But I don't think this is just a segmentation problem for social networks... it's a potential Achilles heel for growth and future adoption. For one, there is a clear segment of the customer base that doesn't see the value in creating a profile/account. It's a big segment that sticks out like a sore thumb more and more every day. Second (and perhaps more importantly), the range of applications that an entrepreneur can develop is permanently reduced if 10% of the people log in every day and 50% of them simply refuse to expose personal information online. This makes it *a lot* harder to build useful social apps -- something I've proclaimed as being inevitable in the future. The flip-side is also inevitable... it means that "fun" social networks (i.e. those that are designed to be fun & nothing more) won't ever be able to bridge the gap to truly become useful.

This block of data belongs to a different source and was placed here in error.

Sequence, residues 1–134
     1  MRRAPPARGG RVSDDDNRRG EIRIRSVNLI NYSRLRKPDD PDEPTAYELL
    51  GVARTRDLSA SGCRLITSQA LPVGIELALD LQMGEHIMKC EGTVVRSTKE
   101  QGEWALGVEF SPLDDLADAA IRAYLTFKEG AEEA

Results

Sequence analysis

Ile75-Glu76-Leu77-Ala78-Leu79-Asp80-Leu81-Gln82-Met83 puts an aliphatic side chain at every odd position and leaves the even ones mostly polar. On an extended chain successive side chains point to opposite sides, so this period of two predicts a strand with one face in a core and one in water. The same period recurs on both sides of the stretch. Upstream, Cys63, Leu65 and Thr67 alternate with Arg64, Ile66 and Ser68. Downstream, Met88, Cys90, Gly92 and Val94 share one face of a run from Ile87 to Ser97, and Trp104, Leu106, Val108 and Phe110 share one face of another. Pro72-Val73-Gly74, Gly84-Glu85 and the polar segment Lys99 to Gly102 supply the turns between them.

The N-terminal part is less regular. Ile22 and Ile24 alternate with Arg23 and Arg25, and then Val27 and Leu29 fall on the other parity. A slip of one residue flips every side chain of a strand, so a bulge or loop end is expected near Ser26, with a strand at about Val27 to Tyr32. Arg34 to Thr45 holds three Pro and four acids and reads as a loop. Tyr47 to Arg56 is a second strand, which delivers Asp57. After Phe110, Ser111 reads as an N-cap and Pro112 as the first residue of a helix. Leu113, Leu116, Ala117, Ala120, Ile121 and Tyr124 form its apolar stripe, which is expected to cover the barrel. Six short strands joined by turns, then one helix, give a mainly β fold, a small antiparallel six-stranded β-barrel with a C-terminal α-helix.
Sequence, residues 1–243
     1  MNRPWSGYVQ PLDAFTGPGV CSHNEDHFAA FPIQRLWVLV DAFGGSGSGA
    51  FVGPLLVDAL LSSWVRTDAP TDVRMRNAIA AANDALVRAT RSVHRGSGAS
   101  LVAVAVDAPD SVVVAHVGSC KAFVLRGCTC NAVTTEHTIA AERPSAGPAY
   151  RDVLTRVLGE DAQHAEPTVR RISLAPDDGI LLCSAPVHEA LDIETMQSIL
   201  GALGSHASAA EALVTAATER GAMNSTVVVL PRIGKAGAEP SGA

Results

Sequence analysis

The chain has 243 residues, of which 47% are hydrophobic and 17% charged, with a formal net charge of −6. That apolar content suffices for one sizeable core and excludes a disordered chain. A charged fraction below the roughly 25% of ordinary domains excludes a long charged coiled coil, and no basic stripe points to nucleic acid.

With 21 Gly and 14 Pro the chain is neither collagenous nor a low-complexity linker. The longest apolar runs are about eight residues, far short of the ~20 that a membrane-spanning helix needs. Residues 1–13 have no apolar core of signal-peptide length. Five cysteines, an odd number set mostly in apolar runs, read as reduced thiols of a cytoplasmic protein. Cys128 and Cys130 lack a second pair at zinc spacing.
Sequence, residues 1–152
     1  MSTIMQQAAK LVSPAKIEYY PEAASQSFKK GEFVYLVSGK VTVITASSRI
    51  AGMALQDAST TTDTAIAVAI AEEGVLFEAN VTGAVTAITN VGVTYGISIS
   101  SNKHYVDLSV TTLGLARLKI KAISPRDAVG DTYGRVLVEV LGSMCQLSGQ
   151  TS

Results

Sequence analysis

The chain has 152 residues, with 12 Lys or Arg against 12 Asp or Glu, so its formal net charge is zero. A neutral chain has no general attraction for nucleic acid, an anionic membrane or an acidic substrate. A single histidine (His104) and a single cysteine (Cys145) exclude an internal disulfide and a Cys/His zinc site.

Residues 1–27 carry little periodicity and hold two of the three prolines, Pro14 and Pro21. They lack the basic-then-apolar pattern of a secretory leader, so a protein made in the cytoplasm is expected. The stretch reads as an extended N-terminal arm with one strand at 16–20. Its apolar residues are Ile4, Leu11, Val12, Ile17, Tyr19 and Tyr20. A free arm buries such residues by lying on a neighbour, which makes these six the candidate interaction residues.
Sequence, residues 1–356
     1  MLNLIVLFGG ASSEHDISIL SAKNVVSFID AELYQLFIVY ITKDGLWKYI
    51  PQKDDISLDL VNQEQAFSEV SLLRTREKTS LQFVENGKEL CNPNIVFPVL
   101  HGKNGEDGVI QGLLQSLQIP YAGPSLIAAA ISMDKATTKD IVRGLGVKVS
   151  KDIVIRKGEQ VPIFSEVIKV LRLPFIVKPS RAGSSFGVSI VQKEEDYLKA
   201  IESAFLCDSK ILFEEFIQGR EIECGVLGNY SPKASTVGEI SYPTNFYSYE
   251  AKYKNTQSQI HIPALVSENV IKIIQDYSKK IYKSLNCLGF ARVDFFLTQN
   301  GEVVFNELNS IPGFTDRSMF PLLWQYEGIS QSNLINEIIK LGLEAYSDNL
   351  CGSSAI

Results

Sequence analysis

And if the "fun" social networks can't bridge the gap, can they really become anything more than what they are today? Sure they can add incremental users, but will people ultimately migrate away from Vampire chomping and Nation building and all the nonsense we do today when we're bored. Can we really be engaged for years and years with these apps? Can these apps continue to thrive if they are constantly replacing old users with new adopters?
I guess what I'm asking is: have "fun" social networks jumped the shark?
I look at something like LinkedIn, and I see something that has tremendous value for a variety of purposes: sales, networking, current & future business opportunity. Perhaps that is what Bain Capital thought when investing so heavily in the social network this past week. I think this was a great move. The biggest dollars flow when business needs are met... to illustrate that point, two things from my personal experience: 1) I used LinkedIn several times to hire people for roles within Microsoft in my last year there, 2) the biggest checks I've cashed in 3 months of my return to entrepreneurship have come from solving specific business problems. There are hundreds of applications that could be built to unleash the value of what LinkedIn currently has to offer. LinkedIn features an extremely large community of users with a common interest (maximizing career/business opportunities)... and nobody in the social networking business has a value proposition that comes remotely close.